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Credit: James Meadows

On the first stop of his national book tour, author Michael Wolff of the best-selling “Fire and Fury: Inside the Trump White House,” described the Trump White House as "stupid people doing stupid things."  

The event was moderated by Dick Polman, a "writer in residence" at the Kelly Writers House and a national political columnist at WHYY, and was held at the Free Library of Philadelphia Central Library at 1901 Vine St. Hundreds of people attended the free event, and two overflow rooms allowed many more attendees to watch the event on a screen.

Credit: Carson Kahoe

Some attendees were forced to sit in one of two overflow rooms after high attendance quickly filled the original event space.

While the publisher, Henry Holt and Company, originally slated the book's release for Jan. 9, the book began to gain attention from many across the country, as well as from the president. On Jan. 4, Trump's attorney sent a letter to the publisher asking it to halt the book's release, apologize to Trump, and forward him a copy of the manuscript.

In response, the publishing company moved up the date of production by four days, publishing the book the next day. The book debuted at the top of The New York Times bestseller list and has jettisoned to the top of both Amazon and Barnes and Noble websites, backlogging orders. 

At the beginning of the event, Polman announced that the book has already gone through its 11th iteration of printing, which Wolff described as “a political event within itself.” 

"It takes a Wolff to catch a wolf," Polman said. 

Wolff described himself as a writer outside of the traditional press who was able to position himself inconspicuously within the day-to-day workings of the West Wing. His unique access, he contended, was partly due to the fact that he typically does not cover politics and that he is currently unassociated with mainstream news organizations. 

Wolff added that he thought his access could also be attributed to the lack of understanding by the president and by his advisors of the possible consequences of his presence in the White House.  

“I really didn’t say anything. I was just the guy listening,” Wolff said. “Over this period of time, they poured their hearts out.”

Following the book's publication, Trump denounced it as a work of fiction, calling Wolff “a mentally deranged author.”


However, members of Trump's administration are not the only ones to scrutinize Wolff's credibility. In the days following the book's publication, numerous journalists have expressed doubts concerning his trustworthiness. 

David Brooks, an author and opinion writer for The New York Times, described the book as a marker of lowbrow resistance to Trump in an op-ed published in the Times.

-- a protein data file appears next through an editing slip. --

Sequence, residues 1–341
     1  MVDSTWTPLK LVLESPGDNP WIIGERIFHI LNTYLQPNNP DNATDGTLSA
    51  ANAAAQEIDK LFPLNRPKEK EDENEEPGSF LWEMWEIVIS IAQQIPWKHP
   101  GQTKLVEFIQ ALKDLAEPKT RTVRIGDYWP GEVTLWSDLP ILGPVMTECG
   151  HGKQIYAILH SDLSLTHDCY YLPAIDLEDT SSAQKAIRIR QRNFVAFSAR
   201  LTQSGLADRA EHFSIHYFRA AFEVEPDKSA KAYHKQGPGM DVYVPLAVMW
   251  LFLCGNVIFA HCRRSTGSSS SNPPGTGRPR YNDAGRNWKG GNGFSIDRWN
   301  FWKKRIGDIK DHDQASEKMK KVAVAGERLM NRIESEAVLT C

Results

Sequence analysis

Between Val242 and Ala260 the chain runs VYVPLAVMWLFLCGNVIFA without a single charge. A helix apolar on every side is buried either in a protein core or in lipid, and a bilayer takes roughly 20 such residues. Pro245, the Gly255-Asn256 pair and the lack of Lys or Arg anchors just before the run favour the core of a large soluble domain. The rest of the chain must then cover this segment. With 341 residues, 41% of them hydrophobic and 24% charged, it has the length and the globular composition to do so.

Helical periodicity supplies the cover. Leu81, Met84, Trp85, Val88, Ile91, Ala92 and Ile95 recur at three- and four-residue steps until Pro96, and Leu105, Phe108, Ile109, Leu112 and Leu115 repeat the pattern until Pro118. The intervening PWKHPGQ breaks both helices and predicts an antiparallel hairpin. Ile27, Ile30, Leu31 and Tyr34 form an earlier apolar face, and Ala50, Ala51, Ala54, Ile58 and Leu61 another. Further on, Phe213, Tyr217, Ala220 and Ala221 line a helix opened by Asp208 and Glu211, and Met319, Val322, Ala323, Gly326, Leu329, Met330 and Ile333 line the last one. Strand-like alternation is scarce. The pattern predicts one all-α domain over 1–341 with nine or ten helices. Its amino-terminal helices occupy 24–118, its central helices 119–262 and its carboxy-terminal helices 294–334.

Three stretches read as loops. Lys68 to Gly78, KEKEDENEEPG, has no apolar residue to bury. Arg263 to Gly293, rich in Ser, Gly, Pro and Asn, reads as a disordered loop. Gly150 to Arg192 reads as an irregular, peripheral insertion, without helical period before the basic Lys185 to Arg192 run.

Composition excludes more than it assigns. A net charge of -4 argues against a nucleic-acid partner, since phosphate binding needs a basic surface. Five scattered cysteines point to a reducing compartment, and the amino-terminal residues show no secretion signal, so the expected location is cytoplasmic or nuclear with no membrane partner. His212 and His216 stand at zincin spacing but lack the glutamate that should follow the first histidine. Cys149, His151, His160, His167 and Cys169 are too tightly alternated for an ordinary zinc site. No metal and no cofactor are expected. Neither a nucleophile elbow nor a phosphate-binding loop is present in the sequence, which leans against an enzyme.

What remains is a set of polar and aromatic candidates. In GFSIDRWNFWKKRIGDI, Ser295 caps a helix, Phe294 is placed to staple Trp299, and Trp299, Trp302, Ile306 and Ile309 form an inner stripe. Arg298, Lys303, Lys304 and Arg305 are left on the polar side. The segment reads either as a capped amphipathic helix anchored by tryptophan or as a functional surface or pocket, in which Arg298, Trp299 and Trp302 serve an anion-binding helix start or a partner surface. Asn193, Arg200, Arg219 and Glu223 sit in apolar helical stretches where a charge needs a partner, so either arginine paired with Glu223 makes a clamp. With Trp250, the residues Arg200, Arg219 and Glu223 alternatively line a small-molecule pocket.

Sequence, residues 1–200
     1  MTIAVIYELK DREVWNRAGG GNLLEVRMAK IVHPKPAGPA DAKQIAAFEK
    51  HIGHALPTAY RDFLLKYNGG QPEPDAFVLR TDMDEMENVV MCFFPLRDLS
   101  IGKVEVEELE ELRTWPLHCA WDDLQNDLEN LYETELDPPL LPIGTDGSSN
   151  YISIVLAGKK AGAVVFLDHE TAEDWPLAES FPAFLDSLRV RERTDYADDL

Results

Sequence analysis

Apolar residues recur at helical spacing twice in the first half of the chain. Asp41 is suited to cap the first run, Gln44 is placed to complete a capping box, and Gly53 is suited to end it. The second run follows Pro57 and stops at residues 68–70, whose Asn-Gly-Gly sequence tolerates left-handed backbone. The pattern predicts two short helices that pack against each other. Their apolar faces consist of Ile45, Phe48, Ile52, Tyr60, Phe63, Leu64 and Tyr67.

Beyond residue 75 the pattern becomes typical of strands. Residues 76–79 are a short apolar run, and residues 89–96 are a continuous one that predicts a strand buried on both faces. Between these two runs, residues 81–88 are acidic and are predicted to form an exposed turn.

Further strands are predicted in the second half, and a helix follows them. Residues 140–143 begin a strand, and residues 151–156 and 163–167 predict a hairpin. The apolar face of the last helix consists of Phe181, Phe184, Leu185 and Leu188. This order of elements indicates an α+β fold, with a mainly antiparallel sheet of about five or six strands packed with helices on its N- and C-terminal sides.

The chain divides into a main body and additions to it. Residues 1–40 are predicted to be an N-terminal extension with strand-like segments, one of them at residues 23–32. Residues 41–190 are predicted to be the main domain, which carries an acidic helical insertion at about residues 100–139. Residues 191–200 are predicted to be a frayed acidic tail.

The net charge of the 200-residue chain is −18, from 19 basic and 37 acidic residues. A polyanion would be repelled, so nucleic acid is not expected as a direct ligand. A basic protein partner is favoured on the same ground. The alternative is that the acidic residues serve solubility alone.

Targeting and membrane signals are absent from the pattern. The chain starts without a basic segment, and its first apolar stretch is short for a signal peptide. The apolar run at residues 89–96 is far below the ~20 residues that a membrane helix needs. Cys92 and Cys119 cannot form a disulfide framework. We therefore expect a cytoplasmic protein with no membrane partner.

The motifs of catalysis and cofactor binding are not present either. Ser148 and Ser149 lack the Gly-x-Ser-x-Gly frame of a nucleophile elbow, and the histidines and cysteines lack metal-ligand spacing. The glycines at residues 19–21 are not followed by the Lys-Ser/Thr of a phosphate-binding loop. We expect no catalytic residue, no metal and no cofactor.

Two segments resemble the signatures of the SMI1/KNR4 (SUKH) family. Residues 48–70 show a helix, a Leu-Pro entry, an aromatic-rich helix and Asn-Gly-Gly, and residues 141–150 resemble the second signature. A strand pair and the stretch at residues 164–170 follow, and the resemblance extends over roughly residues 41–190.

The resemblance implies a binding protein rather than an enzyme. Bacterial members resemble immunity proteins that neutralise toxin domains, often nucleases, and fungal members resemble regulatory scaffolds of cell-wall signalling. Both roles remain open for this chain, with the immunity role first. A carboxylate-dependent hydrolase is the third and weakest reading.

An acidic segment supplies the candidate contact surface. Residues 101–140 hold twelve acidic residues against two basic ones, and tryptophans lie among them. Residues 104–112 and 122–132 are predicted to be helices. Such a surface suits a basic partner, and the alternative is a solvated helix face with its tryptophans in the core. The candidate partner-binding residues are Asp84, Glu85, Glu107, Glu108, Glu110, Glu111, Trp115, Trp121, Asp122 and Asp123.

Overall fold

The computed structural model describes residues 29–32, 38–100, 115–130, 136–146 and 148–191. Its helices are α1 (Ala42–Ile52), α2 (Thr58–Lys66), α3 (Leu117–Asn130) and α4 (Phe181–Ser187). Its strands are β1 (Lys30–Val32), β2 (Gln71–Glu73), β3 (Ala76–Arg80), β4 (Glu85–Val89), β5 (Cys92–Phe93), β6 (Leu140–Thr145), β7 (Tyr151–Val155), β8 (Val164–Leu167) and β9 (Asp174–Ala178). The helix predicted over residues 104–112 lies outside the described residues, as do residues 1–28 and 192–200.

At the conversation, Wolff addressed his critics by acknowledging that he made minor errors such as misspelling names and incorrectly describing the circumstances surrounding John Boehner’s resignation from political life, but shirked off the most insatiable accusers as envious of his success. 

“Everybody is trying to figure out how to cover this story. Everybody, I think, is resentful when someone else does it," he said. 

One of the main points of discussion was Steve Bannon, the White House’s former chief strategist, whom Wolff described as “a remarkable source.” As with many working in the West Wing, Wolff remarked, Bannon became more open to speaking with him as his faith in the president deteriorated. 

“I think Steve came to believe that Trump was an illusion that he had and that the reality was that Trump is an idiot,” he said. 

Following backlash from the president and his administration, Bannon issued a statement praising the president and then stepped down from his role as the executive chairman for Breitbart News.

Most recently, special counsel Robert Mueller issued a subpoena for Bannon to testify before a grand jury as part of the ongoing investigation into possible links between the president and the Russian government.

“I think Steve knows where the skeletons are so it will be interesting to see [what Bannon will say during his testimony].”

Pressed on whether he would ultimately publish any recordings that were used to write the book, Wolff admitted that the thoughts had never occurred to him, but confessed that his recordings of Bannon – which he dubbed the “Bannon Tapes” – are “just sort of marvelous.”

However, Wolff remained uncertain of whether the Trump White House was capable of successfully carrying out collusion with Russia. 

“The idea that they could have put together a grand strategy here, I don’t know how they would have done it,” he said.

“There have been rotten White Houses in the past, and you can hate them or love them, but there have been few White Houses, and maybe no White Houses ever, in which the entire senior staff thinks that there is something wrong with the President of the United States.”

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